Sure enough, blue graffiti above an open, barred gate marked the spot. A fitting tag for the entrance to Farm to Kitchen’s brand new — and I mean new-car-smell-new — warehouse facility in Little Haiti. Chris Padin found the unassuming location on 54th street just east of North Miami Avenue through a friend and chose it over one to the north in Oakland Park.  Mere minutes from the Design District and central to his farm runs and customer routes, the decision was a smart one.

“People get lost with the unmarked door,” he explained, as I made my way for an early evening visit last week as we were both wrapping up business for the day.  “It’s next to the Western Union.”

Whether or not people can find him is beside the point. As the owner/operator of a local distribution company specializing in produce from small family farms, Padin’s job is to find them.  This season is a special one for him and partner Aleli Lauria. From her seeds first sewn at Michael’s Genuine Food & Drink leading the reservations department and gardening at home on the side have sprouted some four years later a solid business, connecting a handful of South Florida restaurants with its best and brightest small farmers.

This latest move is a game changer for Farm to Kitchen, effectively doubling its capacity and reach to receive product from suppliers like Worden Farm in Punta Gorda. Customers can still expect their usual day-of or day-after harvest delivery.  Padin has also hired longtime MGFD busser Christopher Caballero who staged with him last season as a part time delivery driver. Padin will continue to focus on growing the business, making farm runs and forging relationships with growers.  On my visit bathroom renovation work was in full swing and the first ingredients – like a box of blue oyster mushrooms from Sublicious Farms – were in the new walk-in cooler. They took over the space a month ago and share it with another local start-up, Jucy Lu’s, which figures into the plan. Farm to Kitchen‘s farm share program will soon offer a selection of cold-pressed, organic juices produced out of the facility using the same fresh ingredients Padin sources for the wholesale side of the business.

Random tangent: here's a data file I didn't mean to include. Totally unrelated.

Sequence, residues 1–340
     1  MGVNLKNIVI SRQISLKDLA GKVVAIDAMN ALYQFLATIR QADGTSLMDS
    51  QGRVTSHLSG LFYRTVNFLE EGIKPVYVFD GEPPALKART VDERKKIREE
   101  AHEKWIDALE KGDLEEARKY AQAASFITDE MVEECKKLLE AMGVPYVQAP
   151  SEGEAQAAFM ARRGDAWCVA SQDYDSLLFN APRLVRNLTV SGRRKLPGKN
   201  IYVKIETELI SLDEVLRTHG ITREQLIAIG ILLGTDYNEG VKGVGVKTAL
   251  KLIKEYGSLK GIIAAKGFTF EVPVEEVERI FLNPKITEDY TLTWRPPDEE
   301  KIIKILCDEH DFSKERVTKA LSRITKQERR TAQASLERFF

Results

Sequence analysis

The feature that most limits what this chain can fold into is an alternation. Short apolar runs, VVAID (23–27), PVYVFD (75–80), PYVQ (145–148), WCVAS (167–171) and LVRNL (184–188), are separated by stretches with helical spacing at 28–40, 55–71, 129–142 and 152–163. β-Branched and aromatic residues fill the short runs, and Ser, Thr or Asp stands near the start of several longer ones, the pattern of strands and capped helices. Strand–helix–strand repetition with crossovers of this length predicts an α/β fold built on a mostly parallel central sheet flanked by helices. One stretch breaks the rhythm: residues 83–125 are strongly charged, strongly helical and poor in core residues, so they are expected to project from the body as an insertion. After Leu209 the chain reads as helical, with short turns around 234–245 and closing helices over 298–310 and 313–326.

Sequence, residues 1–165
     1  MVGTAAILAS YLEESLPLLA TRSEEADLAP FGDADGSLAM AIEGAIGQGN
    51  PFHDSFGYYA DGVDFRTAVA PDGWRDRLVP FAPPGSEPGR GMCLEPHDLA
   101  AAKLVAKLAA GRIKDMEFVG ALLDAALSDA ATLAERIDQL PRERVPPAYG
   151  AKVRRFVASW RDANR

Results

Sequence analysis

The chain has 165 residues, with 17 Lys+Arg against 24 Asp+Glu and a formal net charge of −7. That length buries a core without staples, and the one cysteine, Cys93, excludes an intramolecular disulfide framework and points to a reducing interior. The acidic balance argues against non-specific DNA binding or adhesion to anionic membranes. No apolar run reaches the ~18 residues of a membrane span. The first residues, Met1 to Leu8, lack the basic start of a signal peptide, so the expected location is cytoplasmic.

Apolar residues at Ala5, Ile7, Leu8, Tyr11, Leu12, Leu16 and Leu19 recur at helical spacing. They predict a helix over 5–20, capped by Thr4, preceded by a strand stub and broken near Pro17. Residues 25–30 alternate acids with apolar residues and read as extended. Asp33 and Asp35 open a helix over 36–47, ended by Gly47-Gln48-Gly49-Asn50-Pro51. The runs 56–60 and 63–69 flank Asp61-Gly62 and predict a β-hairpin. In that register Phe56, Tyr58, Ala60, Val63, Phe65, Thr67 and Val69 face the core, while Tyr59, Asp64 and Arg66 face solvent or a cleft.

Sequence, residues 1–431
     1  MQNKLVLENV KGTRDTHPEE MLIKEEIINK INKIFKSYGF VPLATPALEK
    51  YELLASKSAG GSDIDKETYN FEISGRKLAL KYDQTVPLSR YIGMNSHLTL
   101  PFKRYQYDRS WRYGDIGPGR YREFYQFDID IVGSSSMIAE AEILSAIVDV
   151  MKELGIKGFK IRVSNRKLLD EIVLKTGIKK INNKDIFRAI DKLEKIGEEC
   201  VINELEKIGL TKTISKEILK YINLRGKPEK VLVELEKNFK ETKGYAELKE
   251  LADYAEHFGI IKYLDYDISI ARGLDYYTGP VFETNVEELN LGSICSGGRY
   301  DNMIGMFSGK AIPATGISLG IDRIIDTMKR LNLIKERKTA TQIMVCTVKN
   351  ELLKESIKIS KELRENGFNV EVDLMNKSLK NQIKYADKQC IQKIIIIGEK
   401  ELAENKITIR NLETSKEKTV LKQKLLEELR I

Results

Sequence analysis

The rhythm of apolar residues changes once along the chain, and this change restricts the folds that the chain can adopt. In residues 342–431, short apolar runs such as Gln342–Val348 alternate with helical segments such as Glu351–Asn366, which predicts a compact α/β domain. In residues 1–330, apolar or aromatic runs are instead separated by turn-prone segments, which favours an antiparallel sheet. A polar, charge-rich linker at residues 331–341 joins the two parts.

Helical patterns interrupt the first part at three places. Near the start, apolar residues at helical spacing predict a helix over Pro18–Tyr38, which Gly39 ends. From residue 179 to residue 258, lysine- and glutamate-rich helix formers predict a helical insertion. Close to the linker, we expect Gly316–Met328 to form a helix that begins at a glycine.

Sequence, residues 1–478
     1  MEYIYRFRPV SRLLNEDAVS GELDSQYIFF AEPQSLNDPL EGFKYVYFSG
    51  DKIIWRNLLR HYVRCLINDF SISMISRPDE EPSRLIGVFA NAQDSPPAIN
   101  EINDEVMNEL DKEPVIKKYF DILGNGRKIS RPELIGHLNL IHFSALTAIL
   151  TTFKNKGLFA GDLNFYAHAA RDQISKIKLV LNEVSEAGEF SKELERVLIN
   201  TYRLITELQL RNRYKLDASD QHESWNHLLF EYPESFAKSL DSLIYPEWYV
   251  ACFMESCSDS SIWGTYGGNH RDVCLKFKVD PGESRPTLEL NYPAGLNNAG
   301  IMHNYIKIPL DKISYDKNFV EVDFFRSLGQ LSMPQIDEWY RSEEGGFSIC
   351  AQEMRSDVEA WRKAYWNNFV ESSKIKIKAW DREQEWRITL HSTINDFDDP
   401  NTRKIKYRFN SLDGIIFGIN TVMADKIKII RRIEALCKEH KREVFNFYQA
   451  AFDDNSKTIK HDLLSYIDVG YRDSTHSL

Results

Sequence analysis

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The next day it was time to get down to business to meet some of the newer customers to the Farm to Kitchen portfolio and consequently, to our genuine kitchens. We know and love many familiar faces down south, so naturally we set our sites north to meet some new ones, namely Harpke Family Farm in Dania Beach, specializing in fruits, vegetables and microgreens and Sublicious Farms in Oakland Park, producer of high quality organic mushrooms.  Padin was on one of his twice-weekly farm runs, and Harry’s Pizzeria chef Danny Ramirez and I were along for the ride.

“They’re cute but I’m trying to run a business here,” said Tamer Harpke, as siblings Chica and Pedro gave us a warm welcome to Harpke Family Farm’s 1 acre plot right off I-95.  “We want to roll with 4 or 5 key accounts.  We are looking for distribution with key chefs that want to work with the product and are committed. We’re developing a mix that at lets us service fine dining while at the same time trying to service the CSA community.”